Sen. Louis Luchini, D-Ellsworth, seen here in 2015, is the co-chair of the legislative committee overseeing sports betting bills in 2019. Credit: Troy R. Bennett | BDN

Good morning from Augusta. Maine looks like a good bet to become one of the initial states to allow sports betting after a 2018 U.S. Supreme Court decision, but lawmakers on a legislative panel still have some thorny issues to sort out before coming to a solution.

There has been no opposition to allowing betting on professional sports, but casinos, off-track betting parlors and the mobile site DraftKings have made their cases for disproportionate shares of the new action and low tax rates because of small profit margins.

That conflict is will underlie the debate in the Legislature. On Monday, a committee largely agreed on some of the high points, but it set aside questions of whether betting should be tied to physical locations and tax rates.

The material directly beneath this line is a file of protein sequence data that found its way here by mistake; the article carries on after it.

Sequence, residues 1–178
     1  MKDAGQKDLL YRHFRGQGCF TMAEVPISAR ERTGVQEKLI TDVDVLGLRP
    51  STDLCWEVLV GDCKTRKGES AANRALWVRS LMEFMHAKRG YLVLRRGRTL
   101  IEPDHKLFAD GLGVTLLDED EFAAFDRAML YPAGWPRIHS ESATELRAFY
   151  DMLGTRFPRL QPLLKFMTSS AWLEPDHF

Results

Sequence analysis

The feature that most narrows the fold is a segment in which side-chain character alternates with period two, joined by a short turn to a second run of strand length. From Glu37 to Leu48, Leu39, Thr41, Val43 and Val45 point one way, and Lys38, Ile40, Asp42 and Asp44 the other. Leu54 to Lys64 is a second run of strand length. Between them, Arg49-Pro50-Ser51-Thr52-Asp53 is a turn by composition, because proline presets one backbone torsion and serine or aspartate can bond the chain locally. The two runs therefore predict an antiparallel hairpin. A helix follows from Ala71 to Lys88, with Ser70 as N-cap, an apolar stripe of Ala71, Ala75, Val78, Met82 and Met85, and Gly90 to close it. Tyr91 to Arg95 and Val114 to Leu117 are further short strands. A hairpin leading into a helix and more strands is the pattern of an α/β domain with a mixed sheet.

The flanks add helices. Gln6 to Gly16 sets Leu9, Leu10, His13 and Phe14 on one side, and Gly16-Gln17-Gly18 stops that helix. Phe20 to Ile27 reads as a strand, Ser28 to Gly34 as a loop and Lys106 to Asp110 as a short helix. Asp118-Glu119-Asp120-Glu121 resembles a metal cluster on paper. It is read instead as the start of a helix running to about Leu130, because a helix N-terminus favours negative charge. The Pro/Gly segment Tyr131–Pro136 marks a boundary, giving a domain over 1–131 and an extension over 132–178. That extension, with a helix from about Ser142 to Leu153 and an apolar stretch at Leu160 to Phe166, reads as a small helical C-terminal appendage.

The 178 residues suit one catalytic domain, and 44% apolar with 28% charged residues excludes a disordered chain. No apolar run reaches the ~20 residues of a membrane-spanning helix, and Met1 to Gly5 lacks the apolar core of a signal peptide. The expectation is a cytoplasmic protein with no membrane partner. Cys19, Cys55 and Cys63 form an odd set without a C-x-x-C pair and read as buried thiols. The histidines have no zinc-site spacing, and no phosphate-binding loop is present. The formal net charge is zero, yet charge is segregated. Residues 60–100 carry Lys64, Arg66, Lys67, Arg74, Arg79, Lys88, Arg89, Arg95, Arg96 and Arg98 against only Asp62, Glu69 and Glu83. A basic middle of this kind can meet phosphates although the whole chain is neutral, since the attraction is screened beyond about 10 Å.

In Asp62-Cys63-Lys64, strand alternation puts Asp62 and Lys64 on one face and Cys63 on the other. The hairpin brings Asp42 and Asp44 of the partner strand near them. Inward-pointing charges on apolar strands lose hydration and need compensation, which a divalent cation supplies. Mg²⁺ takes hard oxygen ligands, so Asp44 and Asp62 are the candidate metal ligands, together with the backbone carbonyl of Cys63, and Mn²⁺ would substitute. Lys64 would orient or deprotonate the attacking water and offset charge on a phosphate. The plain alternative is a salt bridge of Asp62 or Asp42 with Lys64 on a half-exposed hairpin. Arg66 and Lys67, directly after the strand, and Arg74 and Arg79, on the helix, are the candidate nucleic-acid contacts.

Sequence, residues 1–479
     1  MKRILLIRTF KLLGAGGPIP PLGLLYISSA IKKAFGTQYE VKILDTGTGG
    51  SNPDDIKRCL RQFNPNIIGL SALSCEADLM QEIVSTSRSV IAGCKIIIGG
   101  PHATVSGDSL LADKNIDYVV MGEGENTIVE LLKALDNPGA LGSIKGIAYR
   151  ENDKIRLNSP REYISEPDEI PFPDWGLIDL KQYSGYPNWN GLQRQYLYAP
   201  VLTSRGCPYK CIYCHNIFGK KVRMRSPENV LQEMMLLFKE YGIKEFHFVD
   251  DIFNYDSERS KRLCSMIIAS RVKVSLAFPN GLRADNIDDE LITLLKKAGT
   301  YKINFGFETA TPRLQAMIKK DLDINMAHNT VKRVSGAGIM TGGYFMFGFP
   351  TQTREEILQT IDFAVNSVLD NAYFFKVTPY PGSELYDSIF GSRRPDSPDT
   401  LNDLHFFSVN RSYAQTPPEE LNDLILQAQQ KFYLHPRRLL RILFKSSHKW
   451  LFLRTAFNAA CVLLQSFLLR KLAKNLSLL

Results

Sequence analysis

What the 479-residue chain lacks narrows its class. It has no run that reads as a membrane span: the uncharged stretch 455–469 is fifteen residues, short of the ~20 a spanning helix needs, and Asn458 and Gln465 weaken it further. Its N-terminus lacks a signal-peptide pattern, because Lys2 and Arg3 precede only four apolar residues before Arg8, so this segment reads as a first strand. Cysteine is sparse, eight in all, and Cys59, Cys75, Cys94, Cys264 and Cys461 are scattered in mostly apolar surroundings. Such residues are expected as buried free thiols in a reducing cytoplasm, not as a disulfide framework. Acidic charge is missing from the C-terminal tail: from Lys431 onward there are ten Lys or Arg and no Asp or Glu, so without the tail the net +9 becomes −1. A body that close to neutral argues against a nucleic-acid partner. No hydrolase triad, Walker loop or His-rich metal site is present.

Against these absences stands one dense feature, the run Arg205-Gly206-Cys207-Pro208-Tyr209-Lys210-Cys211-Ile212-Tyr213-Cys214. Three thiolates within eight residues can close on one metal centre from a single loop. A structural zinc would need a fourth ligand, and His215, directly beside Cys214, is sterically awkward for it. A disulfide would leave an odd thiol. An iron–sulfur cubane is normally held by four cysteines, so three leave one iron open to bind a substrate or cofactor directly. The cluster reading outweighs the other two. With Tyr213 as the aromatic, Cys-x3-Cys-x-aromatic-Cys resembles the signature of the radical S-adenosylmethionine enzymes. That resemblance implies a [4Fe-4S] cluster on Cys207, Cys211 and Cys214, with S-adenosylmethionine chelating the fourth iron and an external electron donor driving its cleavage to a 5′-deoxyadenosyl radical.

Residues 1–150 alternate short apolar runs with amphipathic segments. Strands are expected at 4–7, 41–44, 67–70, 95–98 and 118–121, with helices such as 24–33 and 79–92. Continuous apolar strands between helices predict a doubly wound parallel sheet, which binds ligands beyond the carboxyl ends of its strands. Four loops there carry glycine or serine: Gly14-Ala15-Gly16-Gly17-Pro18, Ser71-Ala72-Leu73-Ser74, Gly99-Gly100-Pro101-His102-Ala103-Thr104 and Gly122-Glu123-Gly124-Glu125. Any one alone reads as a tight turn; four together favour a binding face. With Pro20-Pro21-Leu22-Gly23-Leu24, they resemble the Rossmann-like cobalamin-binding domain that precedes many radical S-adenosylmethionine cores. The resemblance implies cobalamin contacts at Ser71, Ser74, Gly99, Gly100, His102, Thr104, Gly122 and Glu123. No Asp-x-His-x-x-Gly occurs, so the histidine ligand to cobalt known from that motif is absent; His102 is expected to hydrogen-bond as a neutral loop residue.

The biggest issue left to settle will be whether sports betting in Maine will be tied to brick-and-mortar facilities. The Legislature’s gambling committee has already killed several bills that would have dealt with sports gambling, with one vehicle remaining that will cobble together pieces of those bills into a solution intended to get through both chambers.

Some of the other sports betting bills that the committee has considered would have tilted the regulations toward casinos or Indian tribes. It’s likely that the final version will allow those entities as well as off-tracking betting parlors and mobile sites to apply for licenses. In doing so, they would have to show financial suitability.

On Friday, the Legislature’s gambling committee settled in principle on many of the policy points, including a $20,000 licensing fee for mobile betting operations every two years alongside a $2,000 fee for physical locations.